When the dog shows the classic signs of Cushing’s disease in physical symptoms and standard blood tests, yet still has a normal response to specific Cushing’s tests, it is called Atypical Cushing’s Disease.
Melatonin and Lignans Protocol for Atypical Cushing’s Disease in Dogs
When a dog is diagnosed with Atypical Cushing’s Disease, our clinic recommends a natural and holistic protocol. This protocol consists of supplementation with melatonin and lignans.
- 1.5 mg once or twice daily for dogs under 25 lbs
- 3 mg once or twice daily for average to medium sized dogs
- 6 mg once or twice daily for dogs over 100 lbs
- Note: Research recommends not exceeding a melatonin dosage of 3 to 6 mg every 8 to 12 hours.
- HMR Lignans 10 mg – 40 mg daily for small to large dogs
We have found the most cost effective place to purchase these supplements to be Swanson Vitamins.
The Research Behind the Melatonin and Lignan’s Recommendation
Melatonin is a hormone produced by the pineal gland that helps regulate hormones and the body’s circadian rhythm. It is being used in veterinary medicine as a natural treatment for coat loss in dogs, cats and ferrets. Researchers are not exactly sure how melatonin helps thicken and regrow fur. Some researchers think it may be the relationship between melatonin, sunlight, and the body’s circadian rhythm. Other’s feel that melatonin’s antioxidant properties help promote hair growth. Melatonin has also been shown to help a pet gain back weight after surgery, stress or illness and help with anxiety, insomnia, and noise phobias. Mink farmers have been known to use melatonin to promote thick coats in the winter.
Research recommends not exceeding a melatonin dosage of 3 to 6 mg every 8 to 12 hours.
A general guideline for dosing melatonin is:
- 1.5 mg for dogs under 25 lbs one or twice daily
- 3 mg for an average medium to large sized dog once or twice daily
- 6 mg if the dog’s weight exceeds 100 lbs once or twice daily
If given once daily, the recommendation is to dose in the evening.
When ingested, plant lignans are converted in the body to other lignans such as enterolactone. Enterolactone is a major-endogenous-mammilian lignan formed by the action of intestinal bacteria on plant lignans when they are ingested, and acts as a phytoestrogen in the body.
There are two kinds of lignans, SDG (secoisolariciresinol diglucoside) lignans extracted from flax hulls and which HMR (7-hydroxymatairesinol) lignans which are extracted from the Norwegian spruce tree.
The main differences between the two types of lignans is that with the SDG flax hull lignan, cleavage of sugar chains must occur by the gastrointestinal bacteria before the enterolactone is formed. With the HMR Norwegian Spruce tree lignan, conversion to enterolactone by gastrointestinal bacteria is immediate upon ingestion.
Reports show that HMR lignan is completely and quickly absorbed from the gastrointestinal tract, while SDG lignan is not completely absorbed. This indicates that enterolactone formed by HMR lignans is absorbed better and more quickly than that of the SDG flax hull lignan, allowing for the use of lower dosages.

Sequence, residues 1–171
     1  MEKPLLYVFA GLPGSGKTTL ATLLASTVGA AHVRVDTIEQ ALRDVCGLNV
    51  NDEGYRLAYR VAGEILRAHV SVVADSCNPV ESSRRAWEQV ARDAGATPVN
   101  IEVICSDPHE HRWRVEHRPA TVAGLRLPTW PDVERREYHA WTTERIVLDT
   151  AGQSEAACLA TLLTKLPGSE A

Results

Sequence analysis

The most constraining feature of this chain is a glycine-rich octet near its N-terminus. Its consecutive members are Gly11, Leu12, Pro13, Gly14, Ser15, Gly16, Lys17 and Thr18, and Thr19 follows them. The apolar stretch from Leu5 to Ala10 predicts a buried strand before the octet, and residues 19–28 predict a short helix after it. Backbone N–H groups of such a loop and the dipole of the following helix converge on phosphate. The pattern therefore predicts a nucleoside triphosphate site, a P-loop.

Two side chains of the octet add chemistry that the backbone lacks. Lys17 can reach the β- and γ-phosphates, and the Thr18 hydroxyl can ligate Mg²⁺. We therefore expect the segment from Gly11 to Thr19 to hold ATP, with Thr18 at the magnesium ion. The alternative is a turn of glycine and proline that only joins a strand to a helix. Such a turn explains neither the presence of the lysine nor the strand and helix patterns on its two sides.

According to the University of Tennessee College of Veterinary Medicine, the suggested doses are:
- SDG flax hull lignans – 1mg per lb of body weight
- HMR lignans – total doses of 10 mg – 40 mg daily should be adequate for small to large dogs
Side Effects, Warnings and Interactions
Lignan Side Effects, Warnings, and Interactions
If using SDG flax hull lignans, stool frequency and occasional diarrhea may occur because of its fiber component. (HMR Norwegian Spruce lignans contain very little fiber, so using this type of lignan should not cause issues with stool frequency and diarrhea.) According to the University of Tennessee College of Veterinary Medicine, no adverse effects to the use of SDG flax lignan have been reported based on their suggested dose of 1mg/lb of body weight daily. They report limited feedback on the use of HMR lignan, citing only human studies showing that single doses of 1,200 mg did not cause any side effects in humans and that a 13-week study in rodents at a dose of 2,600mg/kg of HMR lignan did not cause any toxic effects.
Melatonin Side Effects, Warnings, and Interactions
There have been no reports of significant side effects of melatonin use in dogs. There have been a few reports of minor gastric upset and sleepiness. Melatonin has been shown to slightly alter the time an un-spayed female comes into heat. Melatonin may also interact with corticosteroids and some internal body process. Melatonin is not recommended for use in breeding dogs because it has been shown to sometimes alter mating desire and when a dog comes into heat.
It is very important not to exceed the recommended amount of melatonin. Be very careful when choosing your melatonin product. Many of the melatonin products sold for humans are much stronger than the recommended amount for dogs. Signs of overdosage include diarrhea, vomiting, high blood pressure, incoordination, and even possibly seizures.
The information on this site is meant to be for educational purposes only and is in no way to be taken to be or substituted for the provision or practice of veterinary advice, help, diagnosis, services or treatment. The information should not be considered complete and should not be used in place of a visit, call, consultation or advice of your veterinarian. Should you have any health care-related questions, please call or see your veterinarian.
- Canine Cushing’s Syndrome: Diagnosis and Treatment
- Geneva’s Pomeranians: Alopecia
- Lingans (Phytonutrients)
- Melatonin Therapy for Canine Alopecia by Manin Paradis
- Natural Remedy for Alopecia (Baldness) In Pets
- Seasonal Flank Alopecia
- University of Tennessee Department of Endocrinology
- What is Seasonal Alopecia?